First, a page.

Analystsgreeted the results ofAshford Hospitality Prime Inc.'sroughly eight-month-long strategic review with a shrug, but investors found somethingto like, sending the company's share price upward in each of the two days followingthe review's completion.
AshfordPrime's share price rose 1.3% on April 8, the first trading day after the companyannounced the outcome of the strategic review, and another 2.4% on April 11 — eventhough the process yielded no company sale or other major transaction.
Instead,the company said it would repurchase up to $50 million in stock, raise its quarterlydividend by 20%, move to sell four hotels and back out of a controversial plan to sell preferred shares, with votingrights in upcoming proxy votes, to operating partnership unit holders.
Analystscovering the company were lukewarm on the moves. C. Patrick Scholes at SunTrustRobinson Humphrey called the results a "net negative" in the absence ofa company sale, since they implied that there were no strong offers for the company.David Loeb and his Robert W. Baird colleagues said the company's changes are "stepsin the right direction" but will require investor patience. And Canaccord Genuity'sRyan Meliker said the moves fail to address fundamental questions about the companythat hurt the stock's valuation, including limited liquidity, small market cap,elevated leverage and an unpopular external management structure.
So whythe share-price bump? Another analyst, Bryan Maher of FBR & Co., argued in anote that the possibility of negotiations surrounding the company's relationshipwith its manager, Ashford Inc.,are encouraging. In particular, Ashford Prime said it would negotiate with AshfordInc. for the right to sell the four properties without triggering a terminationfee to the manager — a ray of hope for observers who believe potential terminationfees to Ashford Inc. have draggedon Ashford Prime's valuation.
Still,even if investors can assume that the limited termination-fee waiver will succeed— since Ashford Prime and Ashford Inc. are run largely by the same people — questionsremain about what concessions Ashford Inc. will extract for the waiver and how muchthe negotiations will hurt Ashford Prime.
In aninterview, Canaccord Genuity's Meliker said investors may have liked Ashford Prime'sannouncement for a different reason — one related to the company's ongoing proxybattle with activist investorSessa Capital, which is trying to replace the Ashford Prime board.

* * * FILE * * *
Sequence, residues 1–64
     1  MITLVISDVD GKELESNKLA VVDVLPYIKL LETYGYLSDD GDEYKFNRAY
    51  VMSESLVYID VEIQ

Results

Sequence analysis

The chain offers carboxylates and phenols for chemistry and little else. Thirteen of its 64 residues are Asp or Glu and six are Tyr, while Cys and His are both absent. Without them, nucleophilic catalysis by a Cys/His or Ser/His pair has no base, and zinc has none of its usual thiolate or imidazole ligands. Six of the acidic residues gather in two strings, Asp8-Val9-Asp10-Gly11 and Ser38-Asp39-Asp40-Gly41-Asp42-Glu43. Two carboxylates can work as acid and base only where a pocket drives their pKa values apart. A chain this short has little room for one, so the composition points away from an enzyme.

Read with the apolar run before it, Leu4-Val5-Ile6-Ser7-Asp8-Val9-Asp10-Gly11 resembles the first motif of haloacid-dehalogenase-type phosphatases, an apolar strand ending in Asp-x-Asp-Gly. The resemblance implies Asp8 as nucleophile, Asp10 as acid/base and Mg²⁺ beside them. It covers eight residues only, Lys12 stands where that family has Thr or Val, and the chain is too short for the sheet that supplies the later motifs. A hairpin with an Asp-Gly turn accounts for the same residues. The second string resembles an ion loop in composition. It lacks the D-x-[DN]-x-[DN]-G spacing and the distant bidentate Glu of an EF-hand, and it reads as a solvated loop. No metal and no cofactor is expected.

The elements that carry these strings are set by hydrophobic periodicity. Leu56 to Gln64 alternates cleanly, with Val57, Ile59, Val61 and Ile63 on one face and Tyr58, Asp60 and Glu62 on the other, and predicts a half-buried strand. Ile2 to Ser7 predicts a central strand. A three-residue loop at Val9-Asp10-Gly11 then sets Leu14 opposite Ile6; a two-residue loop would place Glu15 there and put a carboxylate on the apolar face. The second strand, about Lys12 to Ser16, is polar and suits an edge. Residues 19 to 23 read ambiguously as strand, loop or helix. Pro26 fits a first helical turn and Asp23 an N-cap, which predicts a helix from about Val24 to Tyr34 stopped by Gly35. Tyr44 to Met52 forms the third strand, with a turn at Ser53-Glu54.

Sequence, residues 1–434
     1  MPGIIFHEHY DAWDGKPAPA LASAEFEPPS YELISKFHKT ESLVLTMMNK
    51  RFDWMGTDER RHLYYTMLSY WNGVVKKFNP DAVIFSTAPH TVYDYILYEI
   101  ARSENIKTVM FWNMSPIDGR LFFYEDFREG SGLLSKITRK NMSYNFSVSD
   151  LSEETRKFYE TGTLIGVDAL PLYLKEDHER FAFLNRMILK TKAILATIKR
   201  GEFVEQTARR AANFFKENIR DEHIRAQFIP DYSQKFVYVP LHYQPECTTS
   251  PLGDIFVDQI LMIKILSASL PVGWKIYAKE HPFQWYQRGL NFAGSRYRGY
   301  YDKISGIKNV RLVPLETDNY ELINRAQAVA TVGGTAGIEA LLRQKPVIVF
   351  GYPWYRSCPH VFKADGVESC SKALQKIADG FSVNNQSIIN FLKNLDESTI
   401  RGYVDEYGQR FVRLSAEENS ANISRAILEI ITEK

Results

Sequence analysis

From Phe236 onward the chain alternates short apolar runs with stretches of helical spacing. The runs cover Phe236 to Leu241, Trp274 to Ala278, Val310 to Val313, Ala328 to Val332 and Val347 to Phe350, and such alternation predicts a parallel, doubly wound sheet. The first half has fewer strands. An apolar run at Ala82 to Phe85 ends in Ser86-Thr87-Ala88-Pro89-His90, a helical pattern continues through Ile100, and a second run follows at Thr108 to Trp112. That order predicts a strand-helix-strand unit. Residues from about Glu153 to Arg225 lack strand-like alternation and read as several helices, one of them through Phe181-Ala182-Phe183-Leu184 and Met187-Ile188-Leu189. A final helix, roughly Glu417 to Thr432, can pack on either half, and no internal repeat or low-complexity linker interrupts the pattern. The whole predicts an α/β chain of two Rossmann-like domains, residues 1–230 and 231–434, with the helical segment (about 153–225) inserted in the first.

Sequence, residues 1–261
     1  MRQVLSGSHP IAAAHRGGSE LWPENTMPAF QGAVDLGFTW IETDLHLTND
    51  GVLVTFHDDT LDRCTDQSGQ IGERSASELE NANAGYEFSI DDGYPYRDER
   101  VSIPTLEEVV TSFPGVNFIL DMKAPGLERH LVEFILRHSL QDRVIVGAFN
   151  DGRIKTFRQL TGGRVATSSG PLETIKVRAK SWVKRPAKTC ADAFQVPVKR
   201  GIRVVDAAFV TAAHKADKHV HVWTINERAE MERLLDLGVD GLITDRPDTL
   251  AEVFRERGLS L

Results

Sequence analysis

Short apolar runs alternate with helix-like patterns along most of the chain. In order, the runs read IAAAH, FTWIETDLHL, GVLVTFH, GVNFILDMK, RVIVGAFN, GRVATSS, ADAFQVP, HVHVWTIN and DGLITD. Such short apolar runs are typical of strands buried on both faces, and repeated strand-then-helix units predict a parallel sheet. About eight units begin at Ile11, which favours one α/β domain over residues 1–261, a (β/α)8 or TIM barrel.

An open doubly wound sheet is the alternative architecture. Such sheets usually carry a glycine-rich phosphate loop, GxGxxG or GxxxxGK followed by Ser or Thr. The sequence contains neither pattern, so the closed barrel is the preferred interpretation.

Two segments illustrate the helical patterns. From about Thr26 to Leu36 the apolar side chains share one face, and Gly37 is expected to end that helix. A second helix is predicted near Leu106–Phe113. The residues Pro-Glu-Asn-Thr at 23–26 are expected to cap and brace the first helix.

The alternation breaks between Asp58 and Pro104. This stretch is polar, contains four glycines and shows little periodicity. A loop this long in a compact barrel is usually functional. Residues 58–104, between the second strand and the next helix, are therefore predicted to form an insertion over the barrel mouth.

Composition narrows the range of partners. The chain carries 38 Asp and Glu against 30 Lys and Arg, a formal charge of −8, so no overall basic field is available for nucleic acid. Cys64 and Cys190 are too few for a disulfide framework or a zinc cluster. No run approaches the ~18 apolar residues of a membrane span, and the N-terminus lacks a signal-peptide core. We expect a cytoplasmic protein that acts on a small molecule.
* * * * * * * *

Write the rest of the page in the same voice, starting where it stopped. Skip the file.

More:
If AshfordPrime's relatively news-free announcement is encouraging, "it's probably becauseinvestors feel that there is a higher degree of confidence that the proxy battlewill sway to the side of the activist," Meliker said. Ashford Prime's sisterREIT, Ashford Hospitality Trust Inc.,which is also managed externally by Ashford Inc., saw a 4.7% share-price bump ofits own April 11, even as its own activist investors remained relatively quiet,Meliker noted.
"Ithink ultimately there are sharks circling around these companies, and I think that'sprobably what's driving the stock movement, more than anything else," he said,adding that an activist victory against Ashford Prime could create a sort of roadmapfor victory in a campaign against Ashford Trust.
"IfI really believed that Sessa was going to win Ashford Prime, then I'd be buyingAshford Trust, where the stock hasn't had any of that benefit yet from an activistbeing involved," Meliker said.
Sessa'sactual chances of success in its activist bid remain unclear and depend in largepart on an ongoing court fight between the investor and the REIT. As for a companysale, while the company said it "received indications of interest from a numberof financial and strategic buyers," Scholes noted that "none of the optionsappeared to be strong enough to receive the Board or Management's support."
Whilethe specter of a termination fee likely made any potential acquisition more difficult,Meliker said, the recent climate in capital markets also worked against a deal.
"Whenthe debt markets kind of fell apart last fall, it makes it very difficult to doany of that stuff in accretive fashion," he said. "And if there's onething the Ashford team has proven over the years, it's that they don't sell assetsat discounted valuations. They bring assets to the market all the time, and allthe time don't sell them because they didn't get the pricing that they wanted."
Althoughsuch reluctance to sell could point to unfounded optimism on the company's part,"at the same time, it highlights that if the debt markets had shut like itseems like they did, they were never going to do anything that material. And that'snot their fault," Meliker said.